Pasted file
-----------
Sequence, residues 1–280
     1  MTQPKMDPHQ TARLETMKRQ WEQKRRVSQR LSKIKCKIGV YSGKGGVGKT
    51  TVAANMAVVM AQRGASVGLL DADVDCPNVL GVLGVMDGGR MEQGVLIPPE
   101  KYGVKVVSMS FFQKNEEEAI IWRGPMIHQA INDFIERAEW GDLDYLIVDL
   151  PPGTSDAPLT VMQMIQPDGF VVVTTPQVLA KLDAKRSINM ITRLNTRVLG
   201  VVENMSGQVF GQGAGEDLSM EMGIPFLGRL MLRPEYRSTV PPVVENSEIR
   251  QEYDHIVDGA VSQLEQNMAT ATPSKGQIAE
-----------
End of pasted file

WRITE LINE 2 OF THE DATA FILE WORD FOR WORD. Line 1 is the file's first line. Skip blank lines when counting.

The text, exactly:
     1  MTQPKMDPHQ TARLETMKRQ WEQKRRVSQR LSKIKCKIGV YSGKGGVGKT